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LispOS: Specification of a Lisp operating system (2013) [pdf] (metamodular.com)
140 points by molteanu 7 months ago | hide | past | web | favorite | 50 comments

A growing group of us are implementing Clasp (https://github.com/clasp-developers/clasp) - a new Common Lisp that uses Robert Strandh's Cleavir compiler, interoperates with C++ and uses LLVM as the backend. Clasp is the foundation of Cando - a programming environment for the development of molecular devices (https://www.youtube.com/watch?v=mbdXeRBbgDM&feature=youtu.be). Robert Strandh is an exceptionally clear thinker and a fantastic programmer. I can't count the times that Robert has implemented changes to the Cleavir compiler source code and without him being able to test it (long story) passed it to me and it ran flawlessly in Clasp. I implemented his fast generic function solution within Clasp based on another of his papers (http://metamodular.com/generic-dispatch.pdf). Edit: Basically - if Robert writes it up in a paper - I want to have the implementation.

Once we develop molecular robots - they are going to implement LispOS. :-)

Oh, this by Robert Strandh, whose also writing SICL, a very cool, modular implementation of Common Lisp in Common Lisp for bootstrapping. The idea is that other implementations of Common Lisp in Common Lisp can take modules from SICL. Already Christian Schafmeister's Clasp, another very interesting implementation of Common Lisp (using LLVM and made for easy interop with C++) uses parts of SICL, particularly the compilation framework Cleavir.

From Chapter 1.4:

"The most important aspect of a Lisp operating system is not that all the code be written in Lisp, but rather to present a Lisp-like interface between users and the system and between applications and the system."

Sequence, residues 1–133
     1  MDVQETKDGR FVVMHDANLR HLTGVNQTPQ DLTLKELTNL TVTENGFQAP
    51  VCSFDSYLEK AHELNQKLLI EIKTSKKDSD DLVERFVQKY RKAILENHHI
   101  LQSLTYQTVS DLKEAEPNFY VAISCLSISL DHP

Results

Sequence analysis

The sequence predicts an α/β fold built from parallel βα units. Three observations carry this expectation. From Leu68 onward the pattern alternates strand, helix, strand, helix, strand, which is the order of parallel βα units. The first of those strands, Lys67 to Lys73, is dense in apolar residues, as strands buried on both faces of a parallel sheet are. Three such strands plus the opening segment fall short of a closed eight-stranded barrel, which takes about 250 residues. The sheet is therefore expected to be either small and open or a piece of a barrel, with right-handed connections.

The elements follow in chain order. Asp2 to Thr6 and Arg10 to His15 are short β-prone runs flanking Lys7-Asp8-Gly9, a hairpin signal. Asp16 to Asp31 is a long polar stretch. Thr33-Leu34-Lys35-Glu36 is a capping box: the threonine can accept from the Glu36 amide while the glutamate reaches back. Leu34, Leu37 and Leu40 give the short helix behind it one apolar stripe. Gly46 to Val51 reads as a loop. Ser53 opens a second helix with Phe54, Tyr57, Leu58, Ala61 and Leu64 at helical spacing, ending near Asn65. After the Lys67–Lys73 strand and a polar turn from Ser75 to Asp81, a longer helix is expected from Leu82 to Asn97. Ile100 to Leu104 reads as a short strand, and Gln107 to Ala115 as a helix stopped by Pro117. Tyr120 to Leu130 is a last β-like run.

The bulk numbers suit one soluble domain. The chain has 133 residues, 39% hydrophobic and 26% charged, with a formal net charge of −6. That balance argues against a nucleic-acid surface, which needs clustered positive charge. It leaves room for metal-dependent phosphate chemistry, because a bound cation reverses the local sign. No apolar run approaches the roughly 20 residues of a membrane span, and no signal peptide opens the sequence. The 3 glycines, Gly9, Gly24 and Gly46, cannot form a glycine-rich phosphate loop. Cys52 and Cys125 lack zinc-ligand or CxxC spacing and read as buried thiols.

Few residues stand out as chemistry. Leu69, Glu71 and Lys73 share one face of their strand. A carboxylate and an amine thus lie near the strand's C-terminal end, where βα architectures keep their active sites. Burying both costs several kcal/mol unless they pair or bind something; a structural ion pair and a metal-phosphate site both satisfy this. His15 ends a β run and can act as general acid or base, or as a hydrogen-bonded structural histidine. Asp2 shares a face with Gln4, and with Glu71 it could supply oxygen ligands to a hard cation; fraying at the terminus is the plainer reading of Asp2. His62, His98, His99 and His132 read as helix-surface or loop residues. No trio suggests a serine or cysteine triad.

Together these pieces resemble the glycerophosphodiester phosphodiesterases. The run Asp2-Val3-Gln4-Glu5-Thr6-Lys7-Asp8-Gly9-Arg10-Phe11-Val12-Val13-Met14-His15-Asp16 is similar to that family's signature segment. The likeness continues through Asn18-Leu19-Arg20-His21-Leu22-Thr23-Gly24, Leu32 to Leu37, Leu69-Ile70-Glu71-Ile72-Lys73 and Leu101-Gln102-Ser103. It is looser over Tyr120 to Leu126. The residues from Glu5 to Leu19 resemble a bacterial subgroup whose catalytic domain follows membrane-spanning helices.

I always felt that on the Lisp Machine one of the great things are the Lisp-like interfaces into the system. For a lot of stuff there is for example very little manual memory management necessary and the whole thing is very introspective at runtime - due to a very object-oriented architecture. The operating system runs most of the time in a way, that would be beyond a typical debug mode on conventional machines: all data is tagged, almost all data is an instance of some class, all basic functions are type checked and bounds checked at runtime, all function calls are on the stack and many functions have (optional) named arguments.

A developer would also run the whole OS with full cross references, documentation references and source references. Then there are selective ways to run some code with higher debug features, like source locators for local variables/functions or using the Lisp interpreter for some code - usually code would run compiled, but the interpreter would support things like source stepping and seeing macro expansions.

If this is too be run on regular CPUs, since assembly programming is imperative, won't there necessarily be non-Lisp-like code underneath, with (hopefully) Lisp-like interfaces?

Classical Lisp was never really big on FP. Scheme is the variant in which FP is more emphasized.

If you look at the code of OpenGenera, it’s mostly OO/imperative.

Though modern FP has significantly diverged from Lisp and it’s roots. Things like static-typing, higher kinded types, etc etc

To cut to the chase, is the takeaway claim that it's easy+performant to write low level code in lisp? Out of curiosity, what would be good examples along these lines? Thanks!

Check out https://github.com/mietek/mit-cadr-system-software Itss a tape dump of the CADR system. Also you could check out OpenGenera, but it's not (legally) available.

If you want modern examples, check out SBCL, the Common Lisp compiler https://github.com/sbcl/sbcl

While a Scheme and not a Lisp, you can check out Gambit Scheme. https://github.com/gambit/gambit

It's written in a functional style and compiles Scheme to C. The generated code is really fast.

As an aside, there really should be no difference in performance between a loop and a tail recursive call, assuming the compiler does TCO. So if that's your definition of "functional", then it should have the same performance as any "imperative" language.

Several examples inline, and links to more, here:


Lisp has almost never been a "no imperative code" language.

I feel like the concept of lisp speaks to the part of me searching for simple, holistic consistency. The same part of me that wants to implement the general solution rather than the specific solution.

While I've grown a lot since those times when I would act on those thoughts more I still get a lot of satisfaction from moments when I get to exercise that part of me.

I would love to get involved with a project that is doing this. Are there any others other than Mezzano?